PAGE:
"Things have been going real well for me there," Perez said. "I feel like I've improved a ton."
While Perez credits Leon with pushing her as an athlete, she said the two didn't necessarily dwell on what they accomplished in high school. They did, however, compare notes on the similarities it took for both to succeed, both physically and mentally.
"We didn't necessarily talk about (honors) a lot," Perez said. "We both knew what each other accomplished, and I don't think we need to talk about it. But I just knew one day she would be really good in track."
Leon said the trait which stuck out about Perez in high school was her competitive drive. She hated to lose, Leon said.
"She was always a very impressive athlete," Leon noted. "She always had (success) in her because she was a real hard worker. Going into high school you could see her work ethic. We had a mutual friendship, and I saw what a work ethic and being humble could do for you."
As for herself, Leon, like many athletes, explored playing many sports. But she always came back to track.
"I always wanted to be the best athlete I could be," she said. "I was never just satisfied with just doing something. I always had this deep desire to perform to the best of my ability."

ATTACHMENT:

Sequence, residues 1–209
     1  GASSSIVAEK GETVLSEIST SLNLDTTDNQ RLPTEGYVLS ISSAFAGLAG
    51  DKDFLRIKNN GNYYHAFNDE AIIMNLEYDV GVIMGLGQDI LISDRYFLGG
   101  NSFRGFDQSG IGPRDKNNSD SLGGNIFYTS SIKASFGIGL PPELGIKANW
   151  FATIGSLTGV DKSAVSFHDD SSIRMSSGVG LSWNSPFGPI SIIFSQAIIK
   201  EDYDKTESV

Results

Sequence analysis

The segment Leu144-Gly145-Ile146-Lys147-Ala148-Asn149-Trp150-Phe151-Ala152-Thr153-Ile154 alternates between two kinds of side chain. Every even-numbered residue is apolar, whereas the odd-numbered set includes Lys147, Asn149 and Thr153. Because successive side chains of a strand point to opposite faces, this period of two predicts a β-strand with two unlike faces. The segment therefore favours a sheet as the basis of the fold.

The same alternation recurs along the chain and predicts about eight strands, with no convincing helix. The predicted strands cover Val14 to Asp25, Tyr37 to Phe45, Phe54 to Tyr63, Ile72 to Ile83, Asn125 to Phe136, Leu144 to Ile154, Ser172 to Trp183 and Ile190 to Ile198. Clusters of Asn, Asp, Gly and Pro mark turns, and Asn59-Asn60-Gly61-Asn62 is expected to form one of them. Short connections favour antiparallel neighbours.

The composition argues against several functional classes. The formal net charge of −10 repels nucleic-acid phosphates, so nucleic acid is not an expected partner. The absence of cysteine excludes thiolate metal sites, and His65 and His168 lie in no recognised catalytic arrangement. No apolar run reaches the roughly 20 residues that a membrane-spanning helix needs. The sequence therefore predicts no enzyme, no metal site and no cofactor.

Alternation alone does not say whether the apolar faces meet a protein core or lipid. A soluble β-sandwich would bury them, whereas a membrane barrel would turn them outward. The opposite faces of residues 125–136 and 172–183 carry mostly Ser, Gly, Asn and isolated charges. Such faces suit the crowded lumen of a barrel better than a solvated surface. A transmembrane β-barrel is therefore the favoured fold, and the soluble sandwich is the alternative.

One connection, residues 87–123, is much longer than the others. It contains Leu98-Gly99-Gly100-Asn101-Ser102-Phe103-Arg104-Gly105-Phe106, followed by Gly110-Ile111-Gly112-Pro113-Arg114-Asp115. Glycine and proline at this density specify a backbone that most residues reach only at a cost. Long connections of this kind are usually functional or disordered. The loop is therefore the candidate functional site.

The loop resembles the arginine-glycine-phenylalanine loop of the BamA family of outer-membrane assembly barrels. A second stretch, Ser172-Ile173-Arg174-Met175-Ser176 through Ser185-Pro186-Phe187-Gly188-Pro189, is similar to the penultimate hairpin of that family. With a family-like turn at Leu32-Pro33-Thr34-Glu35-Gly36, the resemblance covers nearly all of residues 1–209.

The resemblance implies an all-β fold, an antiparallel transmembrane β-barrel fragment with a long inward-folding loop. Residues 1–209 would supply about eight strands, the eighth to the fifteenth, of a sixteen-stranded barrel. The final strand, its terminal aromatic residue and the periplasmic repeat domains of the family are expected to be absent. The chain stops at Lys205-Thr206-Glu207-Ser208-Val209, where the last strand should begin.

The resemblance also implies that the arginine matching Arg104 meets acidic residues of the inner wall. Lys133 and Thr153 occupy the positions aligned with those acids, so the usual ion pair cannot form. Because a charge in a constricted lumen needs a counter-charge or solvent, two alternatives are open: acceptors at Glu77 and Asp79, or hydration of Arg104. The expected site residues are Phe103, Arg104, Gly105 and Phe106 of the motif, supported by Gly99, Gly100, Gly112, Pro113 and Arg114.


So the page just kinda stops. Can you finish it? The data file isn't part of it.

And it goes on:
Perez remembers the first sport which interested her was skateboarding. In fact, the first time Perez met then-East Kentwood coach John Conlon, she told him she was only marginally interested in soccer. Conlon, who led East Kentwood’s girls and boys programs to a combined 654 wins and the boys varsity to five Division 1 championships, quickly made a convert of Perez.
"It's funny how things work out," Perez said. "I was looking for something that I could really be a part of, and now it's my job and I'm so happy I can say I'm getting paid for something I really like."
2021-22 Made in Michigan
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PHOTOS (Top) Clockwise from left, Gabriela Leon competes for the East Kentwood and University of Louisville track & field teams, and Maia Perez plays soccer for East Kentwood and trains for the NWSL's Angel City FC. (Middle) Leon holds up her NCAA championship trophy in June. (Below) Perez is one of three keepers for Angel City FC. [Photos courtesy of East Kentwood's athletic department (2017 soccer), Run Michigan (2017 track & field), the Louisville athletic department (2022 track & field) and Will Navarro/Angel City FC (2022 soccer).]